To configure the agent, start from the console and follow: Configure > Host Monitor > Select Bad_SU sentry > Right Click > Agent > Agent Options. You then need to configure the select pattern and the variable assignment pattern.

Restart the host monitor and generate another failed su to test your configuration

Solaris KB

sentinel3G is saying I have negative RAM available

The fix is to change the definition of the mem_total variable from:

$SETTING(PhysicalPagSize) * $SETTING(PhysicalPages) / (1024 * 1024)


$SETTING(PhysicalPagSize) / 1024.0 * $SETTING(PhysicalPages) / 1024.0

The latest version of the Solaris KB (2.2) with a build date of 20060227 includes this fix.

How do I add a service to be monitored?

sentinel3G has a full list of possible services that may run on Solaris. This list is far from exhaustive and you may need to add services to be monitored.

Select the Services folder and run action.

Select Add new service to monitor

Squid KB

Why am I having problems accessing squid statistics using SNMP?

The Squid knowledge base uses SNMP to monitor the proxy server. The installation notes for this KB describe how to configure Squid to enable SNMP, but sometimes there can be networking problems that interfere.

This problem is reported in the Host Monitor Log as ‘no SNMP response’

In the Squid configuration file (squid.conf under your squid installation directory) there is a set of access control lists which are used in the sentinel3G specific configuration. By default the localhost acl is as follows: acl localhost src If the hostname localhost does not resolve to on the system (for example localhost is configured with a different IP address in /etc/hosts), this acl will not be correctly recognized. The localhost logname should preferably resolve to, but if this is not desired, you can change the acl in the squid.conf file to match the correct IP address.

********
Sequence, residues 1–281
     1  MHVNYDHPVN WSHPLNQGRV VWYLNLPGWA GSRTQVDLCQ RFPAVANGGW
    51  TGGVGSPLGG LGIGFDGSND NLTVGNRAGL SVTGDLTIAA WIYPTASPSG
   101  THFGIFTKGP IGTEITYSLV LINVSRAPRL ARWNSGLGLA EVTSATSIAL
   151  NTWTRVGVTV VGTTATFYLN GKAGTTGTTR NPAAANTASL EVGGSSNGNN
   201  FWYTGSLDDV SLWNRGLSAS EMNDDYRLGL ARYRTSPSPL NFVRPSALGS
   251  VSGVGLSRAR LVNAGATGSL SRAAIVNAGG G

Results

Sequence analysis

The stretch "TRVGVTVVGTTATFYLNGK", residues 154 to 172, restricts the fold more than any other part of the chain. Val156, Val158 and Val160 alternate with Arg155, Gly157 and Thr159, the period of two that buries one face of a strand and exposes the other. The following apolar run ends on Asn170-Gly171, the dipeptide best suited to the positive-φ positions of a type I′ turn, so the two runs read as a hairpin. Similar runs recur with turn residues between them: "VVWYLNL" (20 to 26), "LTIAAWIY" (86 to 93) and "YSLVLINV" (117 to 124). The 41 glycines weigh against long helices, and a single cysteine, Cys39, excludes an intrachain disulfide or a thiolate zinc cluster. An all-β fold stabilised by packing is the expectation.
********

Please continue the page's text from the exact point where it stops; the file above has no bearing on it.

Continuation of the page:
For example, if you run "ping localhost" and the IP address that localhost resolves to is then you should change the acl in the squid.conf file to: acl localhost src Then if you restart squid and the monitor, it should be monitored correctly

What does the message ‘snmp_port TAG incorrect or non-existent’ in the Host Monitor Log

By default the SNMP port for squid is configured to be 3041.

If the Squid server is running and SNMP is configured correctly, the snmp_port tag in the squid.conf file is not required.

However, if the Squid server is not running, or there are other problems with the SNMP configuration, you may see this message.

To correct this problem, specify the snmp_port tag in the squid.conf file.

In most cases this is as simple as uncommenting the line: #snmp_port 3041